One of the biggest and easiest improvements you can make to your home cooking is to use your own stocks. There’s absolutely no comparison to a good homemade stock. The grocery store versions are typically laden with unnecessary salt and lack flavor.
This is the way I make stock in any restaurant I have worked in and it has served me well over the years. Learning how to make chicken stock will improve your cooking knowledge as well as the dishes prepared with your new stock.
A guide to stock making:
- The higher the ratio of solids to water, the more flavorful the stock. Want more stock with lighter flavor? Add more water to the pot.
- Ingredients should be cut in size to correspond with cooking times. Larger cuts=longer cooking times, smaller cuts=shorter cooking times.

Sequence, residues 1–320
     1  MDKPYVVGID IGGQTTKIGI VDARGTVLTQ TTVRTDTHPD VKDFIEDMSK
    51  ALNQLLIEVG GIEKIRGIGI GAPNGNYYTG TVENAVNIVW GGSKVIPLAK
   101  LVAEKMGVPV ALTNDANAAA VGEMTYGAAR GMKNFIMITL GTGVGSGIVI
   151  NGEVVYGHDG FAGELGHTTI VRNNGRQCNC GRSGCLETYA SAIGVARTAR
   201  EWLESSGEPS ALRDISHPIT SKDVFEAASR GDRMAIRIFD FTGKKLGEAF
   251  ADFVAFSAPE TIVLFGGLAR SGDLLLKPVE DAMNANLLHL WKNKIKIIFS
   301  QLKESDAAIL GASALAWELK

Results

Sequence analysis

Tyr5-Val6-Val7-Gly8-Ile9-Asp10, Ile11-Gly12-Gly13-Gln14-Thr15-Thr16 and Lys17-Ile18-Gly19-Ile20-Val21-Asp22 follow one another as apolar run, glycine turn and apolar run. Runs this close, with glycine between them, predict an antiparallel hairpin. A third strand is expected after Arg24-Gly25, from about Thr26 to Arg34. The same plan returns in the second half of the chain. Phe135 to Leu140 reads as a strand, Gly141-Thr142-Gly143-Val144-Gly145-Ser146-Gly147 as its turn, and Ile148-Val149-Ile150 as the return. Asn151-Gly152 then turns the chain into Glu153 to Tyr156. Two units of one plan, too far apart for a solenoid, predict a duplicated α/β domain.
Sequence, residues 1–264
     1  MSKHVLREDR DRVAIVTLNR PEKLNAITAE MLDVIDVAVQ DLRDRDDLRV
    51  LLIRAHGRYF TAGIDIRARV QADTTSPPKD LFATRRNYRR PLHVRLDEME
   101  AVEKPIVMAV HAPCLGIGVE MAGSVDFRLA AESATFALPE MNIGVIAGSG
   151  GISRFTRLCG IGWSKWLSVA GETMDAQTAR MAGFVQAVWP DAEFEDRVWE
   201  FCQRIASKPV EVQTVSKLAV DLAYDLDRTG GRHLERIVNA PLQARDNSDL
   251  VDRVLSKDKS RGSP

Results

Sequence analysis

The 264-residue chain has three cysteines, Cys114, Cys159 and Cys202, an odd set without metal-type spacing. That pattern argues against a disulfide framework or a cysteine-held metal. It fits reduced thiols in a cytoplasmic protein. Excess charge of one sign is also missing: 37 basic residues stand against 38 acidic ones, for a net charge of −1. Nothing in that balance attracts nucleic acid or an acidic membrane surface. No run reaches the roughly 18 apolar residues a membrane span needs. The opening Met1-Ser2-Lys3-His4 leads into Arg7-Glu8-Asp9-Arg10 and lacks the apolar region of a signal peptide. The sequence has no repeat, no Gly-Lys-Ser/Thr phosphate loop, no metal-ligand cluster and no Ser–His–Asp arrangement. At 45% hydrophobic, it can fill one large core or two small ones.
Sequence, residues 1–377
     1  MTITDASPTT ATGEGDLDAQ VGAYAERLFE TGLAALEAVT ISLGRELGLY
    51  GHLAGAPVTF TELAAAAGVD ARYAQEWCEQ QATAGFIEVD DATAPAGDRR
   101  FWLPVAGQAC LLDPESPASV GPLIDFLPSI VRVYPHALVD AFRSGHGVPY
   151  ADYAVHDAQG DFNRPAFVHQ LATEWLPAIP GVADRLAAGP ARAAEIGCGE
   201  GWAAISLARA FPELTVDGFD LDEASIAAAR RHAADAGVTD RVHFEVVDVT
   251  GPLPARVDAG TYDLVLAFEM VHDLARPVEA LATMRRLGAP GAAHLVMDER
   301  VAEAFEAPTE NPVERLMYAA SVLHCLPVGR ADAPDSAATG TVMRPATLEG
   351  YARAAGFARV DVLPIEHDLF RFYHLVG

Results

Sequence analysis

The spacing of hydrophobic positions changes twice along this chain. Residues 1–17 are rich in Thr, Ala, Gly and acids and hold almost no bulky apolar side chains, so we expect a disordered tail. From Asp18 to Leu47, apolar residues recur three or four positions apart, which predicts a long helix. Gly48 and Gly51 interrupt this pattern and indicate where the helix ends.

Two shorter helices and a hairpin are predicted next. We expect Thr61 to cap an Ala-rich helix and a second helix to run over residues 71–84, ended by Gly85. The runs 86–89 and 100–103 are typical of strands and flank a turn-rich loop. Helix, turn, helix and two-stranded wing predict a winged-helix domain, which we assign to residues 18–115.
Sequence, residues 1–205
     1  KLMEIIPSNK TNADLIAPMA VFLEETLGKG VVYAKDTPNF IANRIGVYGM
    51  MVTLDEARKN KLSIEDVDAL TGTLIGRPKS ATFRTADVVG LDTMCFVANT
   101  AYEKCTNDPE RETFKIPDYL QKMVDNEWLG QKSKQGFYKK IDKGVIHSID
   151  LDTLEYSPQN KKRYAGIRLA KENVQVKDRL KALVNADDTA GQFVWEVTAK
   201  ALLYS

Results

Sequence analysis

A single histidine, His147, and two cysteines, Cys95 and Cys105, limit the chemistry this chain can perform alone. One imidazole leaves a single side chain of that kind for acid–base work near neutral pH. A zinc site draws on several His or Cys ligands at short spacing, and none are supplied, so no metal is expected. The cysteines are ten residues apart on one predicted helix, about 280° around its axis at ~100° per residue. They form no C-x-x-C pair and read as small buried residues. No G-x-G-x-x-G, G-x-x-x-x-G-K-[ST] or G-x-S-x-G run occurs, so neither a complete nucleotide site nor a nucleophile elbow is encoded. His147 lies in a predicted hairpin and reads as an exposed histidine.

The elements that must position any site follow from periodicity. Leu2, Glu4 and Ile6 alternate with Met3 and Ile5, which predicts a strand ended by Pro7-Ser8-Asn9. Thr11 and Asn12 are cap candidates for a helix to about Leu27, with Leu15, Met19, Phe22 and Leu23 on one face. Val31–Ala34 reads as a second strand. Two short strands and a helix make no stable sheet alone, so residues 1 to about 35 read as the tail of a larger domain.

- Always start with cold water and slowly bring to a simmer. Never allow a stock to boil. Boiling creates a cloudy grey stock and poor flavor.
- Don’t add your aromatics until you have skimmed the surface and removed the impurities which have risen. It’s a lot easier to remove all the congealed fat and white foam when there aren’t vegetables getting in the way.
- Stop cooking the stock when there is no flavor left in the ingredients.
- After finished cooking, remove all the solids by scooping them out of the pot with a strainer. If you strain the stock with the bones and vegetables still in it will become cloudy.
-Adapted from Joy of cooking
Washing the bones in cold water before adding them to the pot will remove a lot of the impurities and save you time when skimming. After rinsing, add your bones to a stockpot and cover with water approximately 1 inch over the bones.
Start with cold water and bones and slowly bring to a gentle simmer. Congealed fat and impurities will rise to the surface as white foam which you can remove by using a ladle.
Once all the fat and impurities have been removed then add your aromatics. Continue to slowly simmer and remember to never boil your stock.
Remove all the vegetables and bones by ladling them out then strain the liquid through cheesecloth or a fine mesh strainer. Place in ball jars and freeze for up to 3 months.